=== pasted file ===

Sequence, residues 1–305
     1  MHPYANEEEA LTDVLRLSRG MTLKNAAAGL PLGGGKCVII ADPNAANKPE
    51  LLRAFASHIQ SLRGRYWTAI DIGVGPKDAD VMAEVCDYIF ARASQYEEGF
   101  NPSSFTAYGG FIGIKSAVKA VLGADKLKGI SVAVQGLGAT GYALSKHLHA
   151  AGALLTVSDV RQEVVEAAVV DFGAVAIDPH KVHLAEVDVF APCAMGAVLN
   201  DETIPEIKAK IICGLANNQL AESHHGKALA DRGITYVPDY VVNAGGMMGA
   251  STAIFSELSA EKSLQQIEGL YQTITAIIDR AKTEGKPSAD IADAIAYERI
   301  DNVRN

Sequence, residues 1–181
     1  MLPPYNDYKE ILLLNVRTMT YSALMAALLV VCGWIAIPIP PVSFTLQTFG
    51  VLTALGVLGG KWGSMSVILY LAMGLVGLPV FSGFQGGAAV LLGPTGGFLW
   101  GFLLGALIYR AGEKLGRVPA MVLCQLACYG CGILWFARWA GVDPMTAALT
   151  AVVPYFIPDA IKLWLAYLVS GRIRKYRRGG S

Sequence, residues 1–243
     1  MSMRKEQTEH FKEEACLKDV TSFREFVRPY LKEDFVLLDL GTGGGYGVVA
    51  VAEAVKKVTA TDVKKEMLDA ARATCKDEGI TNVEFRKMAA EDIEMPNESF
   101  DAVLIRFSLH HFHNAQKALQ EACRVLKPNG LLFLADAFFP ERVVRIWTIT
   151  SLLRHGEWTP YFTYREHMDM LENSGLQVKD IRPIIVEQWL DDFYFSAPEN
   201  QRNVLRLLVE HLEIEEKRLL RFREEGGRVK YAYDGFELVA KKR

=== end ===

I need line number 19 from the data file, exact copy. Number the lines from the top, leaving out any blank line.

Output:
   201  QRNVLRLLVE HLEIEEKRLL RFREEGGRVK YAYDGFELVA KKR